The Treaty of Guadalupe Hidalgo. Background The Treaty of Guadalupe Hidalgo (gwah-dah-loop-ay ee-dahl-go), which brought an official end to the Mexican-American War (1846-1848) was signed on February 2, 1848, at Guadalupe Hidalgo, a city north of the capital where the Mexican government had fled with the advance of U.S. forces. To explore the circumstances that led to this war with Mexico, visit the Teaching with Documents lesson, "Lincoln's Spot Resolutions. " With the defeat of its army and the fall of the capital, Mexico City, in September 1847 the Mexican government surrendered to the United States and entered into negotiations to end the war.
The peace talks were negotiated by Nicholas Trist, chief clerk of the State Department, who had accompanied General Winfield Scott as a diplomat and President Polk's representative. Trist and General Scott, after two previous unsuccessful attempts to negotiate a treaty with Santa Anna, determined that the only way to deal with Mexico was as a conquered enemy. The Documents. Kansas-Nebraska Act Exclusive Videos & Features. John Brown's Raid in American Memory. Inside The Lincoln Douglas Debates - Documentary.
Digital Story: Secrets and Codes of the Underground Railroad. Nat Turner's Rebellion - History.com. War & Expansion: Crash Course US History #17. John_Brown_daguerreotype_c1856.png (PNG Image, 694 × 868 pixels) HWFireHouseBrown.jpg (JPEG Image, 620 × 420 pixels) Second Debate: Freeport, Illinois - Lincoln Home National Historic Site. Mr. Douglas' Speech Ladies and Gentlemen-The silence with which you have listened to Mr. Lincoln during his hour is creditable to this vast audience, composed of men of various political parties. Nothing is more honorable to any large mass of people assembled for the purpose of a fair discussion, than that kind and respectful attention that is yielded not only to your political friends, but to those who are opposed to you in politics.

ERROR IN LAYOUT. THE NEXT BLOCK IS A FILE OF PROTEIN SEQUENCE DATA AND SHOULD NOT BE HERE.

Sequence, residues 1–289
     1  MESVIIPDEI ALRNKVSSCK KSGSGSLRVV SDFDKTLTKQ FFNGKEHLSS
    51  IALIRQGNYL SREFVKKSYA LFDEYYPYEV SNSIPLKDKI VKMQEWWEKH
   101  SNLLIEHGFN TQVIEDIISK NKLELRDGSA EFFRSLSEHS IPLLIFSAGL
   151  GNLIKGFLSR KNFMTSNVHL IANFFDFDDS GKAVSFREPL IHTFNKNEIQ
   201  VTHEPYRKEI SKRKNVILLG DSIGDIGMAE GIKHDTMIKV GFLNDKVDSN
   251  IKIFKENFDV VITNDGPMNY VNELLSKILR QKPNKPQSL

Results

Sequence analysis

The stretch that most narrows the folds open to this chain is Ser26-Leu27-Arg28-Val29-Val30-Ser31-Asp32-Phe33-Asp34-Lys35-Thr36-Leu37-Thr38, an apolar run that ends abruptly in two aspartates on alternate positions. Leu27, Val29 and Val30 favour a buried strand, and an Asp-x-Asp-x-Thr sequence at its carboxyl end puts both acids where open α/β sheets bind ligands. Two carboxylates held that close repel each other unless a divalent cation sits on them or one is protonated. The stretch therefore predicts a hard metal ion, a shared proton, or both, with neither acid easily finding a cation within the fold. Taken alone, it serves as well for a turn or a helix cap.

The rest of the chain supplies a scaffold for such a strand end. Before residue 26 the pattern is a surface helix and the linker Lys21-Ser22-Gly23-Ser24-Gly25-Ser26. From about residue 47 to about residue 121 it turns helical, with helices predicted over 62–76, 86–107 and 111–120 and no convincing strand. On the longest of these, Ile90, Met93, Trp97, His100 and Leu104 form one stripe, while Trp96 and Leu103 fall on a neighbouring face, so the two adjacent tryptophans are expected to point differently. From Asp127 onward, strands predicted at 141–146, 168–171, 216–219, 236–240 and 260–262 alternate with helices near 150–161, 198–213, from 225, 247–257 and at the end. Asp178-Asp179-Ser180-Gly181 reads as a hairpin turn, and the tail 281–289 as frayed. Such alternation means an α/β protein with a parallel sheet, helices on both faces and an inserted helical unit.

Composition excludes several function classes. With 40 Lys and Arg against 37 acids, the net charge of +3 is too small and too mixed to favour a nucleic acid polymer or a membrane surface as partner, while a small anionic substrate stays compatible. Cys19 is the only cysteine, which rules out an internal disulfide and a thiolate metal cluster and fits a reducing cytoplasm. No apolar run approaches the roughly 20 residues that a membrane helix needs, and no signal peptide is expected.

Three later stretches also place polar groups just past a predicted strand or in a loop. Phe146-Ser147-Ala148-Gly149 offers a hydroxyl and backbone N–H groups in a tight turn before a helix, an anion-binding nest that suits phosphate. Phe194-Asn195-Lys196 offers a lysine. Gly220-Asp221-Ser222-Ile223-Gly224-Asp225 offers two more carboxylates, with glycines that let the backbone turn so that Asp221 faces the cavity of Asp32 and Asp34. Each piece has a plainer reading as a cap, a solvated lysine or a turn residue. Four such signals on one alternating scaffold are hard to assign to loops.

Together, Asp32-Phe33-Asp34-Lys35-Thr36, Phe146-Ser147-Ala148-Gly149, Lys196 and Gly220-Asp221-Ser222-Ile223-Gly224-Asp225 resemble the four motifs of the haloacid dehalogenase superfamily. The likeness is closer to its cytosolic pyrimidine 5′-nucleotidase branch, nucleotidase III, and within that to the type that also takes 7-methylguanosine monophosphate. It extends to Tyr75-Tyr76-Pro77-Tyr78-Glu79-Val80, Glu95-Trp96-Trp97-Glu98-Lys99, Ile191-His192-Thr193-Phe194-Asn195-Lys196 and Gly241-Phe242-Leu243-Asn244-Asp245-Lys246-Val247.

I am glad that at last I have brought Mr. Lincoln to the conclusion that he had better define his position on certain political questions to which I called his attention at Ottawa. He there showed no disposition, no inclination, to answer them. First, he desires to know if the people of Kansas shall form a Constitution by means entirely proper and unobjectionable and ask admission into the Union as a State, before they have the requisite population for a member of Congress, whether I will vote for that admission. The next question propounded to me by Mr. Facethenation_sept08_631.jpg__800x600_q85_crop.jpg (JPEG Image, 631 × 300 pixels) Debatex_030801.jpg (JPEG Image, 523 × 400 pixels)
The Dred Scott Case. DredScott.jpg (JPEG Image, 600 × 850 pixels) DredScott_DredandHarrietScott.jpg (JPEG Image, 340 × 510 pixels) Lincolns_shifting_1854.jpg (JPEG Image, 500 × 320 pixels) 1854OstendManifesto.pdf. Ostend_doctrine.jpg (JPEG Image, 1499 × 1113 pixels) - Scaled (68%) Eastmantp.jpg (JPEG Image, 220 × 275 pixels) UncleTomsCabinCover.jpg (JPEG Image, 1159 × 2012 pixels) - Scaled (49%) 220px-John_Brown_-_Treason_broadside,_1859.png (PNG Image, 220 × 160 pixels) Reward.jpg (JPEG Image, 1532 × 1320 pixels) - Scaled (66%) 1_3217882.jpg (JPEG Image, 320 × 240 pixels) 00080486.gif (GIF Image, 400 × 261 pixels) Slavery in America - Black History. Throughout the 17th and 18th centuries people were kidnapped from the continent of Africa, forced into slavery in the American colonies and exploited to work as indentured servants and labor in the production of crops such as tobacco and cotton.